Among the filmmakers of early Hollywood, one in particular stands out: Preston Sturges, whose legacy comprises just 10 films he made between 1940 and 1948, had a career remarkable for its brilliance, brevity and peerless innovation. In his time, Sturges’s body of work was groundbreaking, and his films, which remain vibrant and fresh, should not be missed.

Sturges began his career as a Hollywood screenwriter in 1930, and for 10 years was one of the most successful writers in the industry. In a time when writers were largely marginalized and disrespected, Sturges became the first-ever Hollywood screenwriter to become a director, when he famously sold his script “The Great McGinty” (1940) for one dollar on the condition he be allowed to direct. And thus began an amazing run of brilliant films.

The best place to start with Sturges is “Sullivan’s Travels”(1941) and “The Lady Eve” (1941), two of his best films, and also his most accessible. “The Lady Eve” — about a rich but unsophisticated scientist (Henry Fonda, “12 Angry Men”) who falls in, then out, then back in love with a beautiful con artist (Barbara Stanwyck, “Double Indemnity”) — showcases everything that makes a Sturges film great: broad comedy, clever dialogue and elegant romance. “Sullivan’s Travels,” about a director of comedy films who tries to live as a hobo as research for a social commentary film about the downtrodden masses, is as delightful as “The Lady Eve,” but even more sophisticated — it contains some lyrical scenes of staggering beauty, and is one of Sturges’s most affecting films.

Equally great is “Palm Beach Story,” (1942) Sturges’s most romantic film. The film follows a young wife who leaves her husband for Palm Beach to try to marry a millionaire. It’s an intricately detailed film, one that reveals new pleasures on each viewing. “Hail the Conquering Hero” (1944) is another Sturges gem, and often overlooked. After being discharged from the military before even seeing action, a young private meets a group of Marines that helps him return home under the guise of a war hero. “Conquering Hero” shows the director at the top of his game — it’s a hilarious, inventive, continually surprising film that’s also one of Sturges’s most touching.

Sturges wrote some of the funniest, cleverest scripts of the studio era, and his films abound with visual beauty. He operated inside the conventions of the screwball comedies of the time, but elevated them to new heights with unflagging wit and complex narratives. But what makes Sturges’s films even more impressive is he had complete artistic control over his films — he had sole writing and directing credit, which was unprecedented. And this was at a time when Hollywood was ruled by giant studios and their powerful producers. Sturges is one of the original American auteurs, and certainly the first one in the Hollywood studio system.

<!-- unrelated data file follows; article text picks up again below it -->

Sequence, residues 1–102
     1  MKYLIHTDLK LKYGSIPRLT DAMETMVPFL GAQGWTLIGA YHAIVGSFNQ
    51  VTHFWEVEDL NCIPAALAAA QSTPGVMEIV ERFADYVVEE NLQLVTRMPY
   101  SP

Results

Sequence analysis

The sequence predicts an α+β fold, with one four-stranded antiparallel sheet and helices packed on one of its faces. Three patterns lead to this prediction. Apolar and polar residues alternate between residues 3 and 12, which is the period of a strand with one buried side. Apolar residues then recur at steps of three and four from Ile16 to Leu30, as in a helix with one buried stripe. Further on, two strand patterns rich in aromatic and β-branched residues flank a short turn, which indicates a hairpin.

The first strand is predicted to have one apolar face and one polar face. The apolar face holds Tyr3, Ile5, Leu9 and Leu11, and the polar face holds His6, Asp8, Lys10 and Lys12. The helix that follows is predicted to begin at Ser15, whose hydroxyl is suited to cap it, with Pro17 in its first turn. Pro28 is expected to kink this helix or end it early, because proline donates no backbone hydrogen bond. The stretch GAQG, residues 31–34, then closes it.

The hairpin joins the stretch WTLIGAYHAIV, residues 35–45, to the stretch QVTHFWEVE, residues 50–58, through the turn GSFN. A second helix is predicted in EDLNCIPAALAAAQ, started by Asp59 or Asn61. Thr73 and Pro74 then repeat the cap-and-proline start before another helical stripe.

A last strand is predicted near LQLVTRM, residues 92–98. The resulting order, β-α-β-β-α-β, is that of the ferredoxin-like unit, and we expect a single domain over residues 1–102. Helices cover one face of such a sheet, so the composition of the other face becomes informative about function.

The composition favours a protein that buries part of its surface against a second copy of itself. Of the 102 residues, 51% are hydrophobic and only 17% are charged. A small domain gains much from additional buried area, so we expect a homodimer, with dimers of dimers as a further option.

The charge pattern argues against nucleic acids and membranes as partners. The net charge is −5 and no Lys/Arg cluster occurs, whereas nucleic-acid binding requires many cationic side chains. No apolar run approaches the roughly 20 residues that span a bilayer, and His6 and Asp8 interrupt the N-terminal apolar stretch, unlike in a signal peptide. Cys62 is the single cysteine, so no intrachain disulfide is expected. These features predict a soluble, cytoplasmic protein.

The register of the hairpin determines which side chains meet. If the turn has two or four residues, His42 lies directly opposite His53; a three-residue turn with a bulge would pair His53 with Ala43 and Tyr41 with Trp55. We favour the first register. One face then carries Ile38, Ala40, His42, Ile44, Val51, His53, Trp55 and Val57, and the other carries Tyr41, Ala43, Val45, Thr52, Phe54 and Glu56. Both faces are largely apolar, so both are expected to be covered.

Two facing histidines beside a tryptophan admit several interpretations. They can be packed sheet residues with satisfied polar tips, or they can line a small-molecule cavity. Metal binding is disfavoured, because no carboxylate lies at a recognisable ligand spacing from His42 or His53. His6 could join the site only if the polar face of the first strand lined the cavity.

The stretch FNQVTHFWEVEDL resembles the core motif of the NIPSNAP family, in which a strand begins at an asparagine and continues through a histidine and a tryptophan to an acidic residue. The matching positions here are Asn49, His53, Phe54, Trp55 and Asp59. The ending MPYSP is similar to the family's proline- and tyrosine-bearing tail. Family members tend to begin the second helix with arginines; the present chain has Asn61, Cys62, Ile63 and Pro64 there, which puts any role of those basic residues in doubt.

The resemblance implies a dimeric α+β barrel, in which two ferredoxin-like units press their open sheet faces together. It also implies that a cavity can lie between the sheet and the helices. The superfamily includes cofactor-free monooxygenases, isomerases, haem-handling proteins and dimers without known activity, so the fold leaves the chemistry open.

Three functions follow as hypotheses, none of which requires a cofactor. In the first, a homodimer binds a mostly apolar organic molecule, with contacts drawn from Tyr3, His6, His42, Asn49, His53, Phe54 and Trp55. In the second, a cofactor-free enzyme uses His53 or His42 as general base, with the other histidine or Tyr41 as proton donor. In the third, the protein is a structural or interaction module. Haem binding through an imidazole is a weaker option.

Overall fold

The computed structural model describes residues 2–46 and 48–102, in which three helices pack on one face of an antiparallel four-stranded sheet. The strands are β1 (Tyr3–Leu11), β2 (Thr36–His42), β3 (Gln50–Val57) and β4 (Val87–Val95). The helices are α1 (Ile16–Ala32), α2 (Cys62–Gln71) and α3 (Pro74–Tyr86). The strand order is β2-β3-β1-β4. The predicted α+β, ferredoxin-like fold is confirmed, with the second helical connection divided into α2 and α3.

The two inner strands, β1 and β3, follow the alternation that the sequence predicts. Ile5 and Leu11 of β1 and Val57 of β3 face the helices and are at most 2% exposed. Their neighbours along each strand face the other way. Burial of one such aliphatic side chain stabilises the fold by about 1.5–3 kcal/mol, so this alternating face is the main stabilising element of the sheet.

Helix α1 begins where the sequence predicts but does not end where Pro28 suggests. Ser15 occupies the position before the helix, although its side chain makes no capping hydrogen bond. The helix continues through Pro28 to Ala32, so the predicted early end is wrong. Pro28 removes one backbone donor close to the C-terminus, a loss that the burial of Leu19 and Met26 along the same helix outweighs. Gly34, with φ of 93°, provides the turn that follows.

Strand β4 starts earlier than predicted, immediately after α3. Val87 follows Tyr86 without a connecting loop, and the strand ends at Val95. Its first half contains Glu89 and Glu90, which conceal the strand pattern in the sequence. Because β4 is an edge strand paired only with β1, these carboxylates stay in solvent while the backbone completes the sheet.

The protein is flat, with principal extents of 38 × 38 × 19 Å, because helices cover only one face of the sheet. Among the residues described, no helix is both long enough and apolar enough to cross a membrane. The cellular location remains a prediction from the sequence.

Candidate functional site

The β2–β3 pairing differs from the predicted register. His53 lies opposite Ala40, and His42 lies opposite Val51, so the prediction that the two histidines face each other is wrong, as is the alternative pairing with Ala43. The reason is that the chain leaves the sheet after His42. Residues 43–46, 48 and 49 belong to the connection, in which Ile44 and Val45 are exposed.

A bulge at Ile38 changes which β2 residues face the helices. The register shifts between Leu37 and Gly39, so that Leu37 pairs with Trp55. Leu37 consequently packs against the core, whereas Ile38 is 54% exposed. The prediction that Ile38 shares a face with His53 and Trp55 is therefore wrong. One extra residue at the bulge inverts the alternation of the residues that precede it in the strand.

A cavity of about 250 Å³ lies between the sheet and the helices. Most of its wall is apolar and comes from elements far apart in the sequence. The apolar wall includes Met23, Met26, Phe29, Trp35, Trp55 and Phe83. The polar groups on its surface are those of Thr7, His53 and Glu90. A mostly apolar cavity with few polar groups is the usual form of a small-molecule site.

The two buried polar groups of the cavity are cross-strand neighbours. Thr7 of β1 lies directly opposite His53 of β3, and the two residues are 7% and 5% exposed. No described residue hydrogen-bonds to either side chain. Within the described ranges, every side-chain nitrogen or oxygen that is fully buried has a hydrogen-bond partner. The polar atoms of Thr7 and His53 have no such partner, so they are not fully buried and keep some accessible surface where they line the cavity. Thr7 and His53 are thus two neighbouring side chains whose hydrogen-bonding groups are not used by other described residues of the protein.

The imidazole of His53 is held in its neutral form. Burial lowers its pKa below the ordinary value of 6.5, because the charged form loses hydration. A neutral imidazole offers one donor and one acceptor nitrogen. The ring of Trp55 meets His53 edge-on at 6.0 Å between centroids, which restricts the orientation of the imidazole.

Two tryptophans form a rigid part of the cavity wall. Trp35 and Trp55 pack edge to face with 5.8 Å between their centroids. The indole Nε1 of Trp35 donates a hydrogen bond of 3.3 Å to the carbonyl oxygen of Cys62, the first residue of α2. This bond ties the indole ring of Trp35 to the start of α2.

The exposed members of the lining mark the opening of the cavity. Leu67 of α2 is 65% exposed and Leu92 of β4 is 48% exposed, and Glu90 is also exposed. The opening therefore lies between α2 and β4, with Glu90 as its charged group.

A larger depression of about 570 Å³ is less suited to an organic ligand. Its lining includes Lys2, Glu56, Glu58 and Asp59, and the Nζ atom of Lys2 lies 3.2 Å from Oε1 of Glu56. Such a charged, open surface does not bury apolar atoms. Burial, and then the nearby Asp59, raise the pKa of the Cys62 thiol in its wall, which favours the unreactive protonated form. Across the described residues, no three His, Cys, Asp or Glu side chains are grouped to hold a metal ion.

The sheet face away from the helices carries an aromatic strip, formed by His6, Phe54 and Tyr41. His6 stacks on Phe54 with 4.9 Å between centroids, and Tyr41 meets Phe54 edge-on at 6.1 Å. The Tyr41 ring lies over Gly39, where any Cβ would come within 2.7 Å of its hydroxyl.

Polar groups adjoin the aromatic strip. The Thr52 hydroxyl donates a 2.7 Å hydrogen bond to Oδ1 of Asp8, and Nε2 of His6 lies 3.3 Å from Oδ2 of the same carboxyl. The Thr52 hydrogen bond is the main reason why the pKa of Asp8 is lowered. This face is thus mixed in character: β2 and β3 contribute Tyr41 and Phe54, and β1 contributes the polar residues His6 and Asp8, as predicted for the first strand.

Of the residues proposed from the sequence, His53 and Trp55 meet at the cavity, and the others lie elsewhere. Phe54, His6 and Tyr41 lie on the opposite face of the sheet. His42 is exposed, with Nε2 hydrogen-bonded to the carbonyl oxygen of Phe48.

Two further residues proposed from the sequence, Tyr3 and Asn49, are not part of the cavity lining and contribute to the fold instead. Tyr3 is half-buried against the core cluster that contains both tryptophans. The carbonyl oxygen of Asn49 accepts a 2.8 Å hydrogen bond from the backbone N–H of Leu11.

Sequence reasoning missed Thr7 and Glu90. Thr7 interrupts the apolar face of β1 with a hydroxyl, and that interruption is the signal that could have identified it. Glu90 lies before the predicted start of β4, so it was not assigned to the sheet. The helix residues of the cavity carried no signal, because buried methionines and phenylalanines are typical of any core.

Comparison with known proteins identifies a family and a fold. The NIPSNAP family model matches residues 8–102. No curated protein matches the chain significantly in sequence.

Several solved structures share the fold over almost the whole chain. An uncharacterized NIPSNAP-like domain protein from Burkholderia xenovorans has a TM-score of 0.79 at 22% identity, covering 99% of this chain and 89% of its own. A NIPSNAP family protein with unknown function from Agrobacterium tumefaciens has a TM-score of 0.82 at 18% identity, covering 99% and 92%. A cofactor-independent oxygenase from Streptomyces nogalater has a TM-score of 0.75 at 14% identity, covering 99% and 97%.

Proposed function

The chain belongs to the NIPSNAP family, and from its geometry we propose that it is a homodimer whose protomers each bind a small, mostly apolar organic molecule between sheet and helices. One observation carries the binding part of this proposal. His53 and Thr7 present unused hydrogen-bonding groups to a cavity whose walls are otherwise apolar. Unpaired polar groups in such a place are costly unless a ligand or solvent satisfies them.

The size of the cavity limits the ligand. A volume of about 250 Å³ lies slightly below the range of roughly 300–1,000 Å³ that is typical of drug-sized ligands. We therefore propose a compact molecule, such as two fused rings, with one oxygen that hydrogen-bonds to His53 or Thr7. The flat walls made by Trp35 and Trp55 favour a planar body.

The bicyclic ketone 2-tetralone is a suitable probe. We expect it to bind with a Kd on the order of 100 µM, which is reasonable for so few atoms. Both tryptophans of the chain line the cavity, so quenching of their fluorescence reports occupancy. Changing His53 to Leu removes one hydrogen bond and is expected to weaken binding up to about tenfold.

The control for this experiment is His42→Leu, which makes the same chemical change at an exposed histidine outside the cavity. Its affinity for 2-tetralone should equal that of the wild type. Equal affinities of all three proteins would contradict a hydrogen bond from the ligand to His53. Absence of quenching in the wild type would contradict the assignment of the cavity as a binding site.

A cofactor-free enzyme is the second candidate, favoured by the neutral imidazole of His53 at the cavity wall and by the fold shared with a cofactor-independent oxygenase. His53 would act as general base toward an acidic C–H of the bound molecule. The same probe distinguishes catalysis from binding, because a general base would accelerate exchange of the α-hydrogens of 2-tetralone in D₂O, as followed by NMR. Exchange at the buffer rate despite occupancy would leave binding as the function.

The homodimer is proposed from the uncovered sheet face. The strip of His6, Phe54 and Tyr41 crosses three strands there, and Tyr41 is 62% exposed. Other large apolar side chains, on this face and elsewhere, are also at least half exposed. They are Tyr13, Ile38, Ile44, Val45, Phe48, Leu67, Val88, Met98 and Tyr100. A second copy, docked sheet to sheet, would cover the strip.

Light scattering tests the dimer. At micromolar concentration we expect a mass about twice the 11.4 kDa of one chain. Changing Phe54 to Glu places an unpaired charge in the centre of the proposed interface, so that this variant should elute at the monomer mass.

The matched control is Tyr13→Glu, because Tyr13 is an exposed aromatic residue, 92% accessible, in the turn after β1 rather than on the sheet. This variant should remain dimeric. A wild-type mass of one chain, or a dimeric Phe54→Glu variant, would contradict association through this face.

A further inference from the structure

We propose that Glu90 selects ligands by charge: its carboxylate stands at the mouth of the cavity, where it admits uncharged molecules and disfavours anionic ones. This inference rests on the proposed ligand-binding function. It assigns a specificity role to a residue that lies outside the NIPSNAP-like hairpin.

But Sturges’s defying of studio practices put him on thin ice and he often clashed with studio heads. In 1944 he made a film called “The Great Moment” about the dentist who pioneered the use of anesthesia, and his struggles in the medical community. The movie, a straight-ahead drama, is a real departure for Sturges and, though still a good film, flopped at the box office, causing a falling out with his studio. This led to Sturges forming a partnership with millionaire Howard Hughes, who helped Sturges form his own studio, California Pictures, where, as writer, director and producer, Sturges had even more creative control over his films.

However, this turned out to be the beginning of Sturges’s professional decline. He made just one film with Hughes, “The Sin of Harold Diddlebock” (1947). Though nominated for the Grand Prize at the Cannes Film Festival, it was a flop. Hughes meddled with the film’s production, and the result is a film that, while very funny, doesn’t quite hold together like Sturges’s previous work. When the film failed, Hughes fired Sturges from the studio.

After this, Sturges moved to Fox Studios, where, though his reputation had been irrevocably sullied, he made his best film, “Unfaithfully Yours” (1948). The film is a pitch-black comedy about a conductor who suspects his wife of infidelity and, while conducting a symphony performance, imagines several revenge scenarios. Part psychological drama, part slapstick comedy and part romance, the film is an adroit satire, and Sturges’s most compelling and mature film. It flopped with both critics and audiences in its time, but is highly regarded among film scholars today.

Sturges made two more films after this, one in Hollywood and one in France, neither one successful. His improbable meteoric rise into film stardom was followed by an even quicker fall into obscurity. But Sturges’s effect on the modern movie industry cannot be overplayed. He broke away from the system at a time when the system was all there was, and paved the way for countless innovators in cinema. His career was an anomaly — he was an auteur before auteur theory, and managed to be one of the most successful filmmakers in Hollywood while breaking all of its rules — and his films still feel modern and fresh today.

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